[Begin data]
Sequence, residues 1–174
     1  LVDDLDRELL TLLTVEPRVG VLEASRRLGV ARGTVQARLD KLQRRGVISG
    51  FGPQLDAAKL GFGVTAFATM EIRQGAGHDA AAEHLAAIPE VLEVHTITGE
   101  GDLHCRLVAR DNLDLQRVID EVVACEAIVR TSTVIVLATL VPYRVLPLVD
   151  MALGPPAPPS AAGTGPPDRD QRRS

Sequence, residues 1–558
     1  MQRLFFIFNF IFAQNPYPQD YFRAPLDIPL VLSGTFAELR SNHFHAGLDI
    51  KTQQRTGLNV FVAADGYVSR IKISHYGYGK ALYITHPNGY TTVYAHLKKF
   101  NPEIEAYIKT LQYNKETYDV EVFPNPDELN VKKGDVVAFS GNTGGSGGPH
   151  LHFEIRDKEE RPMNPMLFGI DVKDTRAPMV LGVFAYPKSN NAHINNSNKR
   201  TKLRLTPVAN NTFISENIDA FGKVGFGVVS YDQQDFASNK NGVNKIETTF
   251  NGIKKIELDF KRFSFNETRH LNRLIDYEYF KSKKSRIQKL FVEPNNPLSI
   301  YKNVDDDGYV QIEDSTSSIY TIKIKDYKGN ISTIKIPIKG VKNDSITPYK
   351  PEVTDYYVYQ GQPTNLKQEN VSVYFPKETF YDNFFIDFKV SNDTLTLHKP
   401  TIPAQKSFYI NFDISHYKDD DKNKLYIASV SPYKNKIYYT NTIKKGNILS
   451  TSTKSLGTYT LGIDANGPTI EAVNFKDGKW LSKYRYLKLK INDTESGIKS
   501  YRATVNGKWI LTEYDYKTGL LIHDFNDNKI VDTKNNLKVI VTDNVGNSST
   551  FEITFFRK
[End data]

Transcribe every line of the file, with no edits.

Sequence, residues 1–174
     1  LVDDLDRELL TLLTVEPRVG VLEASRRLGV ARGTVQARLD KLQRRGVISG
    51  FGPQLDAAKL GFGVTAFATM EIRQGAGHDA AAEHLAAIPE VLEVHTITGE
   101  GDLHCRLVAR DNLDLQRVID EVVACEAIVR TSTVIVLATL VPYRVLPLVD
   151  MALGPPAPPS AAGTGPPDRD QRRS

Sequence, residues 1–558
     1  MQRLFFIFNF IFAQNPYPQD YFRAPLDIPL VLSGTFAELR SNHFHAGLDI
    51  KTQQRTGLNV FVAADGYVSR IKISHYGYGK ALYITHPNGY TTVYAHLKKF
   101  NPEIEAYIKT LQYNKETYDV EVFPNPDELN VKKGDVVAFS GNTGGSGGPH
   151  LHFEIRDKEE RPMNPMLFGI DVKDTRAPMV LGVFAYPKSN NAHINNSNKR
   201  TKLRLTPVAN NTFISENIDA FGKVGFGVVS YDQQDFASNK NGVNKIETTF
   251  NGIKKIELDF KRFSFNETRH LNRLIDYEYF KSKKSRIQKL FVEPNNPLSI
   301  YKNVDDDGYV QIEDSTSSIY TIKIKDYKGN ISTIKIPIKG VKNDSITPYK
   351  PEVTDYYVYQ GQPTNLKQEN VSVYFPKETF YDNFFIDFKV SNDTLTLHKP
   401  TIPAQKSFYI NFDISHYKDD DKNKLYIASV SPYKNKIYYT NTIKKGNILS
   451  TSTKSLGTYT LGIDANGPTI EAVNFKDGKW LSKYRYLKLK INDTESGIKS
   501  YRATVNGKWI LTEYDYKTGL LIHDFNDNKI VDTKNNLKVI VTDNVGNSST
   551  FEITFFRK